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    Developing Good Writing Behaviors

    Children will experiment with writing just like they do with reading. Writing helps children organize their thoughts so they can express themselves. It also helps them begin to put the "puzzle" of letters and sounds together and therefore, helps the reading process. Children who have developed positive writing behaviors will choose to write and will share their writing with you.

    • Provide a variety of writing materials for your child (e.g., paper, note pads, cards, post-it notes, pencils, crayons, markers, clip board).
    • Provide a special place where your child can use the writing materials (e.g., spot at the kitchen table, a cleared coffee table, a desk).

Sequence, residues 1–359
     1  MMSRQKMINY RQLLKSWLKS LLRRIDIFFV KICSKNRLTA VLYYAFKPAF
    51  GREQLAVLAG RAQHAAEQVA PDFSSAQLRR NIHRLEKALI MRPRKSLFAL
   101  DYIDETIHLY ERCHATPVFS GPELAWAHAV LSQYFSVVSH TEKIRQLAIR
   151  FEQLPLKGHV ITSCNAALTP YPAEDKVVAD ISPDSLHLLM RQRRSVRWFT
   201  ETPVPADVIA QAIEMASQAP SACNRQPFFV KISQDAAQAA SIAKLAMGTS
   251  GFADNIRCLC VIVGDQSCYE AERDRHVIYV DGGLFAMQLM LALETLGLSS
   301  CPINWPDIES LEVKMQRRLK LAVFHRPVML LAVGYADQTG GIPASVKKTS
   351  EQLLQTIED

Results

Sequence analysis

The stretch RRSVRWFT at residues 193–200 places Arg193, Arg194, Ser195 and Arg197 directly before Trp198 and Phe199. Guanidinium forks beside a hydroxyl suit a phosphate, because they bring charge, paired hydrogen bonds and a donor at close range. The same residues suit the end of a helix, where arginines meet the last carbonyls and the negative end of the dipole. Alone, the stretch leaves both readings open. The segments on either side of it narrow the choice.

• Accept what your child writes. Children go through stages of writing including scribbling, drawing pictures, and random letters (alphabet soup).
    • Respond to the content of the writing, not how it looks or how words are spelled. Writing is not just copying.
    • Provide a special place to display your child's writing, such as the front of the refrigerator or a small bulletin board.
    • Provide real reasons for writing (e.g., grocery list, reminder notes, thank you notes, stories, signs).
    • Answer your child's questions about writing.
    • Help your child become self-reliant. If he/she asks how to spell a word, help stretch it out so your child can hear the sounds. Guide them through the word; do not get in the habit of spelling words for your child.
    • Write notes to your child and put them in special places (e.g., bathroom mirror, lunch box, under the pillow).
    • Be a model. Let your child see you writing. Remember he/she wants to grow up to be just like you!